Apple Varieties In Our Collection
These are the varieties we currently have planted in our young orchard. As they get old enough to produce a crop you will see them on our store shelves.
This is a chance seedling discovered in the UK in 1720. Compared to other russet varieties it is a little dull looking. The taste and consistency of the flesh is said to resemble a pear. It contains little moisture so if not properly stored, the apples will get a rubbery texture.
The origin of this apple is unknown origin first recorded in 1857. It has a bland taste when it is harvested off the tree in late fall. It develops more flavour in cold storage in January.
This is the best of the British cooking apples dating to 1837. Up until a few years ago the mother tree was still growing in the UK. When I travelled to the UK I had an apple crisp made form this variety. It is my favourite apple for making apple crisp and has a fantastic flavour.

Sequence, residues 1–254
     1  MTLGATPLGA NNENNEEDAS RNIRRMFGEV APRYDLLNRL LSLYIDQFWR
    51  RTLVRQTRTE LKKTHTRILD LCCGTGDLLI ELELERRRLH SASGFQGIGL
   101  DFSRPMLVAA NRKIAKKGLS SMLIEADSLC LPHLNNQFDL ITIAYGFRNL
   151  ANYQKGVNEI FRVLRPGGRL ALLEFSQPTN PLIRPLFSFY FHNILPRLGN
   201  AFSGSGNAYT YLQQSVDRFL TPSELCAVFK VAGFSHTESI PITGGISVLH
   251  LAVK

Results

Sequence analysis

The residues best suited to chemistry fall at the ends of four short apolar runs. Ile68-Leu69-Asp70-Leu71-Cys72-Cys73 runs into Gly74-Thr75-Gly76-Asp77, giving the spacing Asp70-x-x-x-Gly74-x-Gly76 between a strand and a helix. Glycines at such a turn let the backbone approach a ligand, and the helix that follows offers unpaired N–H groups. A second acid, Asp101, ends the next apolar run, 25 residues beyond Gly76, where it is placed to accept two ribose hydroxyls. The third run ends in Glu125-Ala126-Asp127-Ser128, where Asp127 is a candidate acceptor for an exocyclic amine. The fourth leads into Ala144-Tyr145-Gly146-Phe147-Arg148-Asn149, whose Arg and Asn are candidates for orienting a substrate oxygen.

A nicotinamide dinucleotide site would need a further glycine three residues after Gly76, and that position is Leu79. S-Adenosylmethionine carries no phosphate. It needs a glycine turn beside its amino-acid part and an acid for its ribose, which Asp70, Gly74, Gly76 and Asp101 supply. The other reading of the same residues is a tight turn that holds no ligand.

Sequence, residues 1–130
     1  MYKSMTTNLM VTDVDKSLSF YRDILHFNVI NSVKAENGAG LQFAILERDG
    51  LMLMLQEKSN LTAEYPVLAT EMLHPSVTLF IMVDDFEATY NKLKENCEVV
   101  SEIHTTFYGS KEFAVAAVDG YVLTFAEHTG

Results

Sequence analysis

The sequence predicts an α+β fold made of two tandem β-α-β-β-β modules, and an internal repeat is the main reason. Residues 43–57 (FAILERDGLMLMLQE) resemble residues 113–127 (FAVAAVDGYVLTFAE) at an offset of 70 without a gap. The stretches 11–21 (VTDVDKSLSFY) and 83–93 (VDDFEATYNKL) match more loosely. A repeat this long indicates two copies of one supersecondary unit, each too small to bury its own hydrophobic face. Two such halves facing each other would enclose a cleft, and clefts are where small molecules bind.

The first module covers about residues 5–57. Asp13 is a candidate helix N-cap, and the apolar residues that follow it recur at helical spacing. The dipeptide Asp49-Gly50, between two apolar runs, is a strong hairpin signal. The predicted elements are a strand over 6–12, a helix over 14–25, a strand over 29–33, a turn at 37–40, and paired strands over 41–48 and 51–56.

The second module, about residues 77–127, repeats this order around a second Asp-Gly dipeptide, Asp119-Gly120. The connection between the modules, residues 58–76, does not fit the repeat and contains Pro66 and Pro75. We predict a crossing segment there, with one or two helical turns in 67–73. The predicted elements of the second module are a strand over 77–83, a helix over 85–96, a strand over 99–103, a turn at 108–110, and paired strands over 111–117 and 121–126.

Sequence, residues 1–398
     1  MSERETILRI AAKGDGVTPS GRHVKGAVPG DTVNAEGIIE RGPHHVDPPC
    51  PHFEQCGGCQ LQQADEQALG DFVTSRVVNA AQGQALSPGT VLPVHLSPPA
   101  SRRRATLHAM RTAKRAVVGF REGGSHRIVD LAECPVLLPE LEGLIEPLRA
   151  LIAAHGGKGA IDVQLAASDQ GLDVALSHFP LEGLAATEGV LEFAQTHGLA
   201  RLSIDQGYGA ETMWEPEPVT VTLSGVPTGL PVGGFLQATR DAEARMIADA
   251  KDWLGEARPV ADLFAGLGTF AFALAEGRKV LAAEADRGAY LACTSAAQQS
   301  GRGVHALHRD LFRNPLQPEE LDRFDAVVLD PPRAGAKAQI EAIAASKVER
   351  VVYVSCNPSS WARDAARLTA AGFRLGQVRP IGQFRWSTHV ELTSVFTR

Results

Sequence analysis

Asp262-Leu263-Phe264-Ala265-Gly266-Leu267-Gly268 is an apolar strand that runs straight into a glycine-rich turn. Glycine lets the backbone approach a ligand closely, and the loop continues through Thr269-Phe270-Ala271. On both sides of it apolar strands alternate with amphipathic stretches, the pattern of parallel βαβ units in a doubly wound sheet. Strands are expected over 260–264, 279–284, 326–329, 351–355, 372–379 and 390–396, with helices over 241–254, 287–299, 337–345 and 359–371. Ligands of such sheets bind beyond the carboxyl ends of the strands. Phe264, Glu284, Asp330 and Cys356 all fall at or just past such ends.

This variety is a McIntosh x Ben Davis cross from around 1905. It has a skin that can be a stripey red but develops more deeper colour later in the season. We find this apple has a fine grained flesh and slightly on the tart side. It is considered a dual purpose apple so can be used in preserves, baking as well as eaten fresh. It is also one of the varieties that naturally resists browning so it will go well in a salad.
Cox’s Orange Pippin
This is another dessert quality apple from the UK. It is a yellow apple with a red blush. It has been described as having a pineapple or cherry like flavour undertone. It is only good as a dessert apple as the flesh tends to break down easily if cooked.
Duchess of Oldenburg